called the waiter and placed the orders. Ash picked up the menu card once again and took a glimpse
of the prices. Chicken noodles costed 60 bucks. He checked for Masala dosa, coffee and juice. He
strained a little bit to count the total cost. The amount was 150 currencies. He opened his mouth wide
when he estimated the money.

                “Still staring at the menu card?” his dad interrupted his thoughts. Ash dint respond. He just
nodded his head to say no. He threw the card aside and kept wondering how his dad could manage to
earn so much.

                Ash realised the value of money when he took part in his school’s kindness camp. Every
summer he and his friends visited mills and farms around their village. They involved in petty works
which helped a lot for the people working there. In return the workers rewarded them with some small
gifts and sometimes a few coins. Every year Ash won the activity with the largest number of coins
or gifts. His largest collection was 20 bucks, 5 packets of biscuits and 2 bars of chocolates. He kept
overwhelming at his own skill for making more rewards than his friends. Thus the total cash of 160
surprised him.

               “Ash, deep thoughts again?” his dad tried read Ash’s mind.

               “I was thinking about our kindness camp”

               “You’re going to your abacus class for this summer holidays and not kindness camp”

               “Dad, I can work well on digits. Abacus tutors teach the same what our mathematics teachers
do. But kindness camp is great. We can have fun with people as well as get some bucks for our

                “Rubbish! I saw you struggling to add up digits in the menu card. Abacus will teach you short
cuts in mathematics. Kindness camp is good, but won’t get you more than 20 bucks.”

                “But…”Ash began.

                “You need shortcuts for performing faster in mathematics. Studying mathematics is very
important for earning more money”. Ash’s dad explained him. Ash thought for a while and tried to
understand his dad’s justification about mathematics.

                “Grandfather used to commend your skill in handling digits. I wish I were better than you”
Ash said accepting his dad’s reason. He evoked Miss Marguerite’s lesson about elders. Also, he
admired his father for his knack in calculation and management. Hence his dad’s instruction made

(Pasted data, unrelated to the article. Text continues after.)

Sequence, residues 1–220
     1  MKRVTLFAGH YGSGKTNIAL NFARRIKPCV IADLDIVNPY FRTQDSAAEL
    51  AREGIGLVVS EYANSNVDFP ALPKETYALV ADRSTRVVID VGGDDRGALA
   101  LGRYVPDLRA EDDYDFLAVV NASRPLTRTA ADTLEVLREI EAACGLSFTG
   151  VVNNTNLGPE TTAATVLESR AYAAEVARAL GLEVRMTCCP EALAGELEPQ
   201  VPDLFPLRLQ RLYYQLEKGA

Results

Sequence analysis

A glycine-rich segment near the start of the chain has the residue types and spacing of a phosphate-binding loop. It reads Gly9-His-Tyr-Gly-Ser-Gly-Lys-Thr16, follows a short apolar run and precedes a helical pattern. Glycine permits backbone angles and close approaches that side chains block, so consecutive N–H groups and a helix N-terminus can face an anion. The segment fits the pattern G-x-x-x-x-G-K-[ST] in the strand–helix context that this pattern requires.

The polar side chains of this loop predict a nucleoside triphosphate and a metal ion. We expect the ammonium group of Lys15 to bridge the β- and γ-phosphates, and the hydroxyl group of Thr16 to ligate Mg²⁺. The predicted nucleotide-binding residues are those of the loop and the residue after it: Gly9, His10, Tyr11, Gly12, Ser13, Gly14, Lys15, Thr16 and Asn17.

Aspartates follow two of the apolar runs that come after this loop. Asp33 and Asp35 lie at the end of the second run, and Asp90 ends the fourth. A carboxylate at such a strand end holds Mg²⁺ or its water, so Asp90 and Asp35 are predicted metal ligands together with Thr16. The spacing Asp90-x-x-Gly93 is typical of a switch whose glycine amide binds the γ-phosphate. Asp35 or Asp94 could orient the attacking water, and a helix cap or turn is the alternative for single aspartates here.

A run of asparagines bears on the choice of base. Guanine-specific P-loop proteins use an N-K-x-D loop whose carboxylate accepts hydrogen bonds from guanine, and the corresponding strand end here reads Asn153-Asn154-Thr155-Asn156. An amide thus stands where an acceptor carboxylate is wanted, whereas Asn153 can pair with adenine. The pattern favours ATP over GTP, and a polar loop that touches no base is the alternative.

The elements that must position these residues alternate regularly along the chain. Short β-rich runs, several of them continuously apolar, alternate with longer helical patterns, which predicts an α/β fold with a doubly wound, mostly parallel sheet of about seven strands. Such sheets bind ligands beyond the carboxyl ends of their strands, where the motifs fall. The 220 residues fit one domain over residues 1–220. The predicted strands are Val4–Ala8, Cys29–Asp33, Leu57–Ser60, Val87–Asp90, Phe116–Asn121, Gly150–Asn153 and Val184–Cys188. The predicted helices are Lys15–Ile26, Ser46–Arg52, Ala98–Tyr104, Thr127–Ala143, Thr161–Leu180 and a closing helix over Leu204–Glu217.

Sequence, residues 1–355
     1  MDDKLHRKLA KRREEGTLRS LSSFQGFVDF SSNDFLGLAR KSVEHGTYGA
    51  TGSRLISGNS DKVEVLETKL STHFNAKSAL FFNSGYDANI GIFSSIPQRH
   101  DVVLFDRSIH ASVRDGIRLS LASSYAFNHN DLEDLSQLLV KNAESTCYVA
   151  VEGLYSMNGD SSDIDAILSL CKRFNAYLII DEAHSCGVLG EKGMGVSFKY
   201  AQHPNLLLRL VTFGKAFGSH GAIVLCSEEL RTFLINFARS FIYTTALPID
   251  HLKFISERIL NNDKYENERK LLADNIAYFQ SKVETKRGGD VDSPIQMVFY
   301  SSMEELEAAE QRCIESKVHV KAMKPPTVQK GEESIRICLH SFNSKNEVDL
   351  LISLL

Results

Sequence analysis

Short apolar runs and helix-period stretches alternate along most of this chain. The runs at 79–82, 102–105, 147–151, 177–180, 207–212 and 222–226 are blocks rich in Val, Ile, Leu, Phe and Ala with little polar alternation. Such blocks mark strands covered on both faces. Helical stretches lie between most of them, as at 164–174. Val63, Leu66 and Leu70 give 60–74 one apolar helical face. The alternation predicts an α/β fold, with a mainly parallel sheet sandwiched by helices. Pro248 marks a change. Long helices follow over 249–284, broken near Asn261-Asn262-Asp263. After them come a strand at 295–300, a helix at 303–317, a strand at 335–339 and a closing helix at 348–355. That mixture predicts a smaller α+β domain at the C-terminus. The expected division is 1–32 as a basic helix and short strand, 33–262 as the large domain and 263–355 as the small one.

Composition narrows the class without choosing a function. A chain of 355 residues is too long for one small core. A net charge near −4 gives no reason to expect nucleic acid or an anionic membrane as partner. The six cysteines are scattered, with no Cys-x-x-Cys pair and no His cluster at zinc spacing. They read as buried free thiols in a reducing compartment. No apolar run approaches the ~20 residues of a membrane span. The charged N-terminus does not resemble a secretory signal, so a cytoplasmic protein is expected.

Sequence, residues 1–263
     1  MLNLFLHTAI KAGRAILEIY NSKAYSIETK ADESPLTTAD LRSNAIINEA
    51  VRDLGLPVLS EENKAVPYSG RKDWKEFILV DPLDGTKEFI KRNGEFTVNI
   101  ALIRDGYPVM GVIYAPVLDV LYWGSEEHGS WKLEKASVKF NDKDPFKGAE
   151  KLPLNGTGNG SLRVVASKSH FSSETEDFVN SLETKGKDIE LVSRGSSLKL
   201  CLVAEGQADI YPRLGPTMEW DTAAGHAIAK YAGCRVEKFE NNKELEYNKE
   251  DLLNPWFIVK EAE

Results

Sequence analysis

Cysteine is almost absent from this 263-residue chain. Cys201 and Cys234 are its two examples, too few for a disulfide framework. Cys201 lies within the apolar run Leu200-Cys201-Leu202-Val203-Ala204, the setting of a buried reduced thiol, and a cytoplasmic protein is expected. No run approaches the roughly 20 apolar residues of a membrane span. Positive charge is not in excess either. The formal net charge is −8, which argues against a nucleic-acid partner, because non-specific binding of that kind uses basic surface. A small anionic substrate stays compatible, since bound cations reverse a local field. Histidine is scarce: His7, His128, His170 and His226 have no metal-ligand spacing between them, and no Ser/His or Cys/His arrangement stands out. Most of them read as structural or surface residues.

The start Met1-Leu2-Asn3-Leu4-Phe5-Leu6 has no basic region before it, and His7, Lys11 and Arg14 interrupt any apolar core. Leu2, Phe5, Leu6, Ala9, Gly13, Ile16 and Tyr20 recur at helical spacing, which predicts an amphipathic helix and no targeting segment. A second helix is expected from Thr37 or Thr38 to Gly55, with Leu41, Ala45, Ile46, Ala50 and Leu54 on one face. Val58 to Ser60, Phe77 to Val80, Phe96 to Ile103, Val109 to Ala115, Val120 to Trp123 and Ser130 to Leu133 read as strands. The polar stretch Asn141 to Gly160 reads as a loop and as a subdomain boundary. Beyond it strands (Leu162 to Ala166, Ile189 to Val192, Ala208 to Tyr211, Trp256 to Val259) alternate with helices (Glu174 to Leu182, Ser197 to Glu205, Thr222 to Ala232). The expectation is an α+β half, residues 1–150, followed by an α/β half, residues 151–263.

him sway from his opinion easily.

               “I’m happy that you trusted me again”, his dad said with a happy smile.

                The delicacies arrived. The hungry kid flushed all his thoughts and fell on his food. His dad
admired him using his fork on the noodles and thrusting them inside his tiny mouth. He put his rosy
lips on the straw and sucked the juice with a loud noise.

               “Follow your table manners dear. I know that you’re very hungry” his dad laughed at Ash’s
silly behaviour. Ash threw a glee and continued eating.

               The waiter came with the bill. His father gave him a hundred rupee note.

               “Thank you. I hope you’ll visit once again”, the waiter said.

               His dad smiled at him and prepared to leave. Ash was nonplussed. He took the bill from
the table and went through the list. The waiter had not counted 60 rupees for chicken noodles while
summing up.

                “Dad” he said, loud enough for the waiter to hear. His father just grabbed him and walked out
of the restaurant.
                “Now I can understand your maths shortcuts to earn bucks. Miss Marguerite's lesson was wrong. Dad, I will never trust you again” Ash whispered to himself, understanding his father's motives

Poem - A stroll on road

I strolled on the road, amongst huge crowds

         Bearing a heavy heart, trembling limbs and wet eyes.

The festive scene, with people making alarming decibels of sounds

         Made me feel more and more desperate and lonely.

My heart was longing for one single face

         Brushing out hundreds walking beside me.

I did realize, I was bound only to a silly craze

         And the face was gone and would never see it again.

I drove back to my past days, when he was on my way

         And his whistling breath, embracing me with its obscure intentions.

The curve on his lips and the eyes showering darts, did lead me astray